Dell to cut about 6,650 jobs due to falling PC sales
(Bloomberg) — Dell Technologies Inc., facing a sharp drop in demand for personal computers, will cut about 6,650 jobs, becoming the latest technology company to announce thousands of layoffs.
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The company is facing market conditions that “continue to crumble due to an uncertain future,” co-CEO Jeff Clarke wrote in a memo reviewed by Bloomberg. The reduction is about 5% of Dell’s global workforce, according to a company spokesperson.
After the PC boom in the pandemic era, Dell and other hardware manufacturers have experienced a drop in demand. An industry analyst at IDC said preliminary data shows personal computer shipments dropped sharply in the fourth quarter of 2022. Among large companies, Dell saw the largest decline, down 37% from the same period in 2021, according to IDC. Dell gets about 55% of its revenue from PCs.
Clark told workers that past cost-cutting measures, including hiring suspensions and travel restrictions, were no longer enough. The reorganization of the department, along with job cuts, is seen as an opportunity to improve efficiency, the spokesman said.
Layoffs have hit the tech sector in recent months, including many of Dell’s peers and competitors. HP Inc., also associated with the PC market, announced in November that it would lay off 6,000 employees. Cisco Systems Inc. and International Business Machines Corp. announced that they would cut about 4,000 workers. The tech sector announced 97,171 job cuts in 2022, up 649% from the previous year, according to consulting firm Challenger, Gray & Christmas Inc.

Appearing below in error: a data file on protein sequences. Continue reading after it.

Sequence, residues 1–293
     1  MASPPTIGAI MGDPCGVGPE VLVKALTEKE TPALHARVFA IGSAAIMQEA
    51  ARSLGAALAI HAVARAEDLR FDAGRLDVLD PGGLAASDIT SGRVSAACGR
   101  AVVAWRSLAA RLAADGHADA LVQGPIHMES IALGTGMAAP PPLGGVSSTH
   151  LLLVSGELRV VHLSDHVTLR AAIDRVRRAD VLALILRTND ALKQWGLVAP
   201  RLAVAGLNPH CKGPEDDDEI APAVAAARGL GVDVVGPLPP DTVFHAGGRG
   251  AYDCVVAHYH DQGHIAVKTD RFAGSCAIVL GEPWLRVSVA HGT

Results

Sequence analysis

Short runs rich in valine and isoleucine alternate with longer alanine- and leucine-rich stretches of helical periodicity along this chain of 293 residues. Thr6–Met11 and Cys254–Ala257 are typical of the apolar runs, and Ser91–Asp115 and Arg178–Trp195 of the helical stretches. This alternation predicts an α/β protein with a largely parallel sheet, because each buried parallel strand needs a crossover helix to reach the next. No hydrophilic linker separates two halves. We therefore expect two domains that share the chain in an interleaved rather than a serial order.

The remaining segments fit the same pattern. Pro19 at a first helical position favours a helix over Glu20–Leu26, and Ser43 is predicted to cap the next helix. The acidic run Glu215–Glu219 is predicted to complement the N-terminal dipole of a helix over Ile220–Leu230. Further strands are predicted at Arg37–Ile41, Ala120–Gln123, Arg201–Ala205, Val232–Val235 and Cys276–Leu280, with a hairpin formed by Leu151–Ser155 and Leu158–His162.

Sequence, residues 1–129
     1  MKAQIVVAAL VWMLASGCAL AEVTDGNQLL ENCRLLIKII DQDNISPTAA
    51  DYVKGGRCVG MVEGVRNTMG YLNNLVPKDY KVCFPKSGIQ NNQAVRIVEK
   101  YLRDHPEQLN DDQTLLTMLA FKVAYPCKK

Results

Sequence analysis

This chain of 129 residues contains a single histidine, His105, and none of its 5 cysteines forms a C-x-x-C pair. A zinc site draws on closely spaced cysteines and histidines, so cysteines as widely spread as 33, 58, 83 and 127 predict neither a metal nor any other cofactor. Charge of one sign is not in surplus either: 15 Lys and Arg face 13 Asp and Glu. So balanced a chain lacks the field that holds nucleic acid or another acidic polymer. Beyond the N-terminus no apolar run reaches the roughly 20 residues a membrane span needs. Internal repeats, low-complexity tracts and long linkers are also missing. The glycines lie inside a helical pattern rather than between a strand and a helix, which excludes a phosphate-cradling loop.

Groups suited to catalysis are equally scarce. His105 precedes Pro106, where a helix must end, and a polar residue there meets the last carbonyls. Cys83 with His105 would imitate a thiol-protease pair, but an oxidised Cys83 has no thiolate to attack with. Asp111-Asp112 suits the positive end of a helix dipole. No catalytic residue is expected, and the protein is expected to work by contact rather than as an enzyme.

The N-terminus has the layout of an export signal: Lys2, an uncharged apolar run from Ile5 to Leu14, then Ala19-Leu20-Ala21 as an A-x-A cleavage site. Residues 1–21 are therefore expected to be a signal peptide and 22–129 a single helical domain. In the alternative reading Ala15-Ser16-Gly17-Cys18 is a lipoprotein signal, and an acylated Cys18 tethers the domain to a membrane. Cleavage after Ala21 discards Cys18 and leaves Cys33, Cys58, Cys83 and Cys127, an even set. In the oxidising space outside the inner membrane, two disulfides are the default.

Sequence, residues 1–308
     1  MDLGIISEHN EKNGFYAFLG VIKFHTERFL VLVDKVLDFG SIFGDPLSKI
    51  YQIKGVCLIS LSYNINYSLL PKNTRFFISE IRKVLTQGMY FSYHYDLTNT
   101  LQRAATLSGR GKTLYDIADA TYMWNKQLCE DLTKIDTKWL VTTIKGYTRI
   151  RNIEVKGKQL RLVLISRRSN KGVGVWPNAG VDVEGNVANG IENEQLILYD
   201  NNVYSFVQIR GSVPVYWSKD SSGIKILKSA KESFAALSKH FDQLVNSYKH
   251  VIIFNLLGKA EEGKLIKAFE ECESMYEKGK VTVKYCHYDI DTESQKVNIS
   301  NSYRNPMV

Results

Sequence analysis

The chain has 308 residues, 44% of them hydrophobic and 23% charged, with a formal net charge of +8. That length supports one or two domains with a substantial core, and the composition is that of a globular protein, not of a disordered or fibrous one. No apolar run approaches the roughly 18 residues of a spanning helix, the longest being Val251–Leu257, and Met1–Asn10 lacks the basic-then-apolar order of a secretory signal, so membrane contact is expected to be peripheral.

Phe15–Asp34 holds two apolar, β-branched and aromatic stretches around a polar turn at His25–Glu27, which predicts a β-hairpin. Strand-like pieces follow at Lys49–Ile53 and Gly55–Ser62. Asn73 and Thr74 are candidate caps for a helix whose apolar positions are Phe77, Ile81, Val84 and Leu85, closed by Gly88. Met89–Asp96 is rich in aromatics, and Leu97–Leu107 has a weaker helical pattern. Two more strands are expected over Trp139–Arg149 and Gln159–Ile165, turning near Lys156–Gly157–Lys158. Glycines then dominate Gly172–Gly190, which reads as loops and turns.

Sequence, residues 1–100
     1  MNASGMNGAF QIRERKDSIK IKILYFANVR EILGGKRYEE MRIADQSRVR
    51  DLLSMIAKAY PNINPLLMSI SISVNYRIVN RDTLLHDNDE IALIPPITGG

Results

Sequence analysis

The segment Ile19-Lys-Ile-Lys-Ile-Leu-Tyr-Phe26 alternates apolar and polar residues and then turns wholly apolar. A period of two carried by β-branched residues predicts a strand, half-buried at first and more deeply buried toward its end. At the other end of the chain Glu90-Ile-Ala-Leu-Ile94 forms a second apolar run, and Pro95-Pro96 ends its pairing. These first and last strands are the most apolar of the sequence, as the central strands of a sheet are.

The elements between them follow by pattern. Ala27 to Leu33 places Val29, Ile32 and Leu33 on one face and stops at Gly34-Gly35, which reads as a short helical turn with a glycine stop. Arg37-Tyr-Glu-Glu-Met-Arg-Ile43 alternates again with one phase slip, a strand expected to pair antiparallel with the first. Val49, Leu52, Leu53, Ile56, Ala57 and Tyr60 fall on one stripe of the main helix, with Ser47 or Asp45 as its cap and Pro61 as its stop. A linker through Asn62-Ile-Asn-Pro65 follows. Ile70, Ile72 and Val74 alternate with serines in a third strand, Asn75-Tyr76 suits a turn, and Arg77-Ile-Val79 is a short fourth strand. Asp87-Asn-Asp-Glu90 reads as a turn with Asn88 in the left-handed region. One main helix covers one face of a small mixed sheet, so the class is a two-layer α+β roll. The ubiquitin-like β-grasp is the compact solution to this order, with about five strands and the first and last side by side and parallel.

Following the downsizing, Dell’s headcount in Round Rock, Texas will be at its lowest in at least six years – about 39,000 fewer employees than in January 2020. Based on March 2022 filing data.
Dell reported a 6% decline in sales for the period ended Oct. 28 and gave a earnings forecast for the current quarter that fell short of analysts’ estimates, saying customers are cutting back on their IT purchases. The company is expected to provide more information on the financial impact of the job cuts when it releases its fourth-quarter financial results on March 2.
“We used to get through economic downturns and get stronger,” Clarke wrote in a message to employees. “We’ll be ready when the market recovers.”
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